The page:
Aitkin School Board Graphic

A two-hour discussion that included testimony from two alumni and a letter from a parent was replete with questions about terms, the role of the curriculum committee, and whether CRT is “a thing” with regard to grade school curriculum, topped business at the Nov. 15 meeting of the Aitkin School Board.

Board members patiently listened and worked to keep the discussion fact-based and to call out misinformation and fear-based assumptions.

No motion was passed, but board members agreed to have the district’s policy committee draft some language with respect to what kinds of materials can be included in teaching materials at the district’s schools.

Former student Jody Johnson, who is the mother of former student Zachary Johnson, gave heart-felt comments about how she had spent time helping students and staff in Aitkin understand the lives of students with disabilities like her son’s. She said that helping students develop the skills of compassion and empathy had transformed her son’s experience and those of other children who were different in those or other ways.

Johnson said that giving young (pre-school and kindergarten) students those skills had the potential to transform their own school careers and those of their classmates. She was speaking in support of the social-emotional learning curriculum, or SEL.

District parent Allison Rian affirmed the perspective that CRT is not a real consideration in k-12, because it is not part of any school curriculum. She did say that SEL could help young children recognize and cope with their emotions, feelings and reactions and was value-neutral. Rian supported the use of the SEL curriculum, which is not a standard set by the Minnesota Department of Education.

The third public comment was read aloud and referred to both CRT and gender identity teaching, neither of which are part of the curriculum. There seemed to be confusion about the terms, how they were or were not related, and what they meant for Aitkin Schools.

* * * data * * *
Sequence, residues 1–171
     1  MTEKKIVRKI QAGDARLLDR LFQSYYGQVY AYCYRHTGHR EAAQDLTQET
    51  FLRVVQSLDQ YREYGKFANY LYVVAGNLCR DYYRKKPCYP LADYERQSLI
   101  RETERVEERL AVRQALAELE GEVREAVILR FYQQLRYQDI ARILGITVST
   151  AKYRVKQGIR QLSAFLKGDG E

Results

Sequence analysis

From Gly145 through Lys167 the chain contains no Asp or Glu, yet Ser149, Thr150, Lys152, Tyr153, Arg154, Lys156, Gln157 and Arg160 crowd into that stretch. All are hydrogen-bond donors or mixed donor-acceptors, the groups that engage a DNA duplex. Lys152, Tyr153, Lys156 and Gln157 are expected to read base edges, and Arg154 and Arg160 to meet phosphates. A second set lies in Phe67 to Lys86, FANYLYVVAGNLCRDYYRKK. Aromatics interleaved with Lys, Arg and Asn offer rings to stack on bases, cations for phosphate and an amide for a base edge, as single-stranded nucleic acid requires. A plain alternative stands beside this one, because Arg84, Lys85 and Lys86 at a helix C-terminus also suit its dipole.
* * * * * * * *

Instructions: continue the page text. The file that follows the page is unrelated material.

Aitkin Schools has a curriculum committee that has not had reason to meet in a very long time, Superintendent Dan Stifter said.  Committee assignments happen in January and a plan to have the committee meet to consider specific curriculum and decide on representation on the committee could be revisited then.

In new business, board members voted to conduct an audit of the Capital Projects Levy campaign.

Superintendent Stifter shared the need to auction off some non-functional school buses. Board members agreed to use Janzen Auction Services this year, but offer the option to other auction houses in the county in the future, to avoid any appearance of a conflict of interest.

The board approved the appropriation of $450 per year more to get the extra phones the district needs.

The agreement between Lakes and Pines and the district was renewed, with unanimous support.

Finally there was a discussion about the Aitkin School Forest, which could be in the path of a MnDOT project on Hwy. 169 north of Aitkin. Board members will contract DNR Forestry to find out the legal situation with regard to ownership of the forest.

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